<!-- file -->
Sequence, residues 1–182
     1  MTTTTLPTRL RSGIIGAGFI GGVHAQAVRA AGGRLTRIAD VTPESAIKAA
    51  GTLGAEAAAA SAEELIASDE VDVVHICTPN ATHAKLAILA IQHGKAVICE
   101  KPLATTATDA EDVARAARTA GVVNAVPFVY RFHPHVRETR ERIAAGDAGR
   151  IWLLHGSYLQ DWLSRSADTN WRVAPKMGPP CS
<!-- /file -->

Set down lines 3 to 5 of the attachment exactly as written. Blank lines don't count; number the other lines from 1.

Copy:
    51  GTLGAEAAAA SAEELIASDE VDVVHICTPN ATHAKLAILA IQHGKAVICE
   101  KPLATTATDA EDVARAARTA GVVNAVPFVY RFHPHVRETR ERIAAGDAGR
   151  IWLLHGSYLQ DWLSRSADTN WRVAPKMGPP CS